Théodicée sur la bonté de Dieu, la liberté de l'homme et
l'origine du mal ("Essays of
Theodicy on the Goodness of God, the
Freedom of Man and the Origin of Evil"), more simply known as
Théodicée, is a book of philosophy by the German polymath Gottfried
Leibniz. The book, published in 1710, introduced the term theodicy,
and its optimistic approach to the problem of evil is thought to have
Candide (albeit satirically). Much of the work
consists of a response to the ideas of the French philosopher Pierre
Bayle, with whom Leibniz carried on a debate for many years.
Théodicée was the only book Leibniz published during his
lifetime; his other book, New Essays on Human Understanding, was
published only after his death, in 1765.
In various works, including his famous Historical and Critical
Pierre Bayle had argued that there is no defensible
rational solution to the problem of why God permits evil. More
specifically, Bayle had argued that powerful philosophical arguments
can be given against a number of orthodox Christian teachings,
including the goodness, justice, and freedom of God. Leibniz responds
to Bayle's arguments in detail, arguing that it can be proved that God
is an infinitely perfect being, and that such a being must have
created a world that has the greatest possible balance of good over
evil ("the best of all possible worlds"). Leibniz distinguishes
three forms of evil: moral, physical, and metaphysical. Moral evil is
sin, physical evil is pain, and metaphysical evil is limitation.
God permits moral and physical evil for the sake of greater goods, and
metaphysical evil (i.e., limitation) is unavoidable since any created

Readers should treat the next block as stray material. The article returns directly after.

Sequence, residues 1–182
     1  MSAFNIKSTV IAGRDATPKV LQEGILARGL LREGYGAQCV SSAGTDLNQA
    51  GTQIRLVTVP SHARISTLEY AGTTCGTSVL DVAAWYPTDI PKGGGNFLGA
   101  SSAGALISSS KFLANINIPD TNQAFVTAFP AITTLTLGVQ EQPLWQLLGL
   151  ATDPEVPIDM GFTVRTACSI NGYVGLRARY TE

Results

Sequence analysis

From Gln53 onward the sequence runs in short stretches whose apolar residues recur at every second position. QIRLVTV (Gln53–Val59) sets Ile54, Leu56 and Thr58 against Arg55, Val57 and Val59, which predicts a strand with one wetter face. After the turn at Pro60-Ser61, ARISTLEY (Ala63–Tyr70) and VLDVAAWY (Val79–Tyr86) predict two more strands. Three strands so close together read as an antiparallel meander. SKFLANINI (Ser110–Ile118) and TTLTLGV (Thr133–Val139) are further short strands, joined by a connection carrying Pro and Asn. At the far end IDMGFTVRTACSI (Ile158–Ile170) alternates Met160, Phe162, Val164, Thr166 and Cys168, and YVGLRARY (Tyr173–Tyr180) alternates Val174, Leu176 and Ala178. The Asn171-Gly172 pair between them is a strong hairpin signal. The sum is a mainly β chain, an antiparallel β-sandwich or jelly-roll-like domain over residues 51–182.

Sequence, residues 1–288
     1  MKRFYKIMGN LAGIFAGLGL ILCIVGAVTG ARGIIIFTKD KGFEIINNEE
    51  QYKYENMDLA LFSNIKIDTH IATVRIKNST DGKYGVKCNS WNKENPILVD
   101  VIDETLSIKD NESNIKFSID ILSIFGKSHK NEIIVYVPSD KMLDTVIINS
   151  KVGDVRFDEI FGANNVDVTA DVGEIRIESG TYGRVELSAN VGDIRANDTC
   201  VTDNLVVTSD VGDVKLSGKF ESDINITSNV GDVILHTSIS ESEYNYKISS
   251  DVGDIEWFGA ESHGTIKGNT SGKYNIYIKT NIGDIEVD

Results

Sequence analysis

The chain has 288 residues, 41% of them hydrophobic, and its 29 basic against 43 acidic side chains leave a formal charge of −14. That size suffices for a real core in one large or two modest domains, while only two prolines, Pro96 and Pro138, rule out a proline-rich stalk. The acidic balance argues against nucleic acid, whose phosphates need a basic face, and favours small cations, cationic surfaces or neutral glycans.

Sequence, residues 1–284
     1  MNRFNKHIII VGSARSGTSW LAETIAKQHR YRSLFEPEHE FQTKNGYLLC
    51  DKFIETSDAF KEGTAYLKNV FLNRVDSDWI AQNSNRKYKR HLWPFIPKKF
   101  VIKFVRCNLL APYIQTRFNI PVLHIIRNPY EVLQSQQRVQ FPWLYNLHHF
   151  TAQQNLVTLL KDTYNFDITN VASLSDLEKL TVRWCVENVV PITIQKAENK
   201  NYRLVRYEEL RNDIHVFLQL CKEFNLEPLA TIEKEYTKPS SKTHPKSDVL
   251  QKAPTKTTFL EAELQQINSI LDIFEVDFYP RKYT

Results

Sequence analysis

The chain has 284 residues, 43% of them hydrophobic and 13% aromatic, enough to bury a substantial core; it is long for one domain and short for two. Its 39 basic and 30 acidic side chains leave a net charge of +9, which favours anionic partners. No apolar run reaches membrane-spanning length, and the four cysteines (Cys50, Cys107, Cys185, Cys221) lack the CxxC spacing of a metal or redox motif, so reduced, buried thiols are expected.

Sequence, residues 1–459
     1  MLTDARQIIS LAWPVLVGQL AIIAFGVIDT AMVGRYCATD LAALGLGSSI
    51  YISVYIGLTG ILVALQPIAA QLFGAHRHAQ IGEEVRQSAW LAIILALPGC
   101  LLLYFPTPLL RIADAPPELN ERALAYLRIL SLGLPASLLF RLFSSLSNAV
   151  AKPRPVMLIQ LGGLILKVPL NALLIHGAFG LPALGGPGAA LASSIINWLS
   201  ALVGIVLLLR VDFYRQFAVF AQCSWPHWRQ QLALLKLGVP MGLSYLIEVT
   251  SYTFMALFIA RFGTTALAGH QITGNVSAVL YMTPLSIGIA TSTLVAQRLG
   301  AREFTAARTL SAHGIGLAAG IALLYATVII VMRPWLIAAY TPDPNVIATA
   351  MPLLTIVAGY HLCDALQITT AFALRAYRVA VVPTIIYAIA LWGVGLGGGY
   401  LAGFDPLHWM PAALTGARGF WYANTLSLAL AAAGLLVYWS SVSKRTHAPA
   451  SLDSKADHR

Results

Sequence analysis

universe must necessarily fall short of God's absolute perfection.
Human free will is consistent with God's foreknowledge, because even
though all events in the universe are foreseen and pre-determined,
they are not necessitated (i. e., logically necessary), and only if
human choices were necessitated would free will be an illusion.
Against Bayle's claims (derived from Augustine) that it is unjust for
God to damn unbaptized infants or adult non-Christians who had lived
as well as they could, Leibniz denies that Christian teaching supports
such claims. Against Bayle's claim that God cannot be free since he
cannot fail to choose the best, Leibniz argues that such "moral
necessity" is consistent with divine freedom. God would lack freedom
only if there are no possible worlds in which less than maximal
goodness exists, which is not the case, Leibniz argues.
Austin Farrer (1985). Introduction to Theodicy. La Salle: Open
Court. ISBN 0-87548-437-9.
^ Michael Murray (16 March 2005). "Leibniz on the Problem of Evil".
The Stanford Encyclopedia of Philosophy. Retrieved 26 January
^ G. W. Leibniz, Theodicy: Essays on the Goodness of God, the Freedom
of Man, and the Origin of Evil. Translated by E. M. Huggard. Lasalle,
IL: Open Court, 1985, pp. 127-28.
^ Leibniz, Theodicy, p. 136.
^ Leibniz, Theodicy, p. 381.
^ Leibniz, Theodicy, p. 385.
^ Leibniz, Theodicy, p. 387.
The dictionary definition of théodicée at Wiktionary
Freiherr von Gottfried Wilhelm Leibniz.
Theodicy at Project Gutenberg
Gottfried Wilhelm Leibniz
Alternating series test
Best of all possible worlds
Identity of indiscernibles
Law of Continuity
Principle of sufficient reason
Transcendental law of homogeneity
De Arte Combinatoria
De Arte Combinatoria (1666)
Discourse on Metaphysics (1686)
New Essays on Human Understanding (1704)
Leibniz–Clarke correspondence (1715–1716)